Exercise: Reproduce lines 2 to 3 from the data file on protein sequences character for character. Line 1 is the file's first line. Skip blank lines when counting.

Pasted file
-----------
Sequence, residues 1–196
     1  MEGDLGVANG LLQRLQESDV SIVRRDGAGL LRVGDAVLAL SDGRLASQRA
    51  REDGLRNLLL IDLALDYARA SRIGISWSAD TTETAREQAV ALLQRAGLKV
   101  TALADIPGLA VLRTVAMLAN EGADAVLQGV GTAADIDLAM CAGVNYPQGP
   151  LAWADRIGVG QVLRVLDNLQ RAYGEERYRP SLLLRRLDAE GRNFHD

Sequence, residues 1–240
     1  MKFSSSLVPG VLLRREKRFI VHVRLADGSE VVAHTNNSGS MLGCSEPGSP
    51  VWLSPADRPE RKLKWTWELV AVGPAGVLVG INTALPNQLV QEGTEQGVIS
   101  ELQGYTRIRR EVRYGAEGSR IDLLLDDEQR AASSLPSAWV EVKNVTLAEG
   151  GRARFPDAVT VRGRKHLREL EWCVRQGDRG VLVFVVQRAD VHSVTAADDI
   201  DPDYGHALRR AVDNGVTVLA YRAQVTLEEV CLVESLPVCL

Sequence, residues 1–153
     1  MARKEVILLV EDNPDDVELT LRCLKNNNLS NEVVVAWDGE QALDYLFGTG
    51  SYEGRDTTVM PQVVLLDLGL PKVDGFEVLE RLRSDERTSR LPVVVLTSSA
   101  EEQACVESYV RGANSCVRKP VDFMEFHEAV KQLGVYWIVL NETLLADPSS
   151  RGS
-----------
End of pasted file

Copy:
     1  MEGDLGVANG LLQRLQESDV SIVRRDGAGL LRVGDAVLAL SDGRLASQRA
    51  REDGLRNLLL IDLALDYARA SRIGISWSAD TTETAREQAV ALLQRAGLKV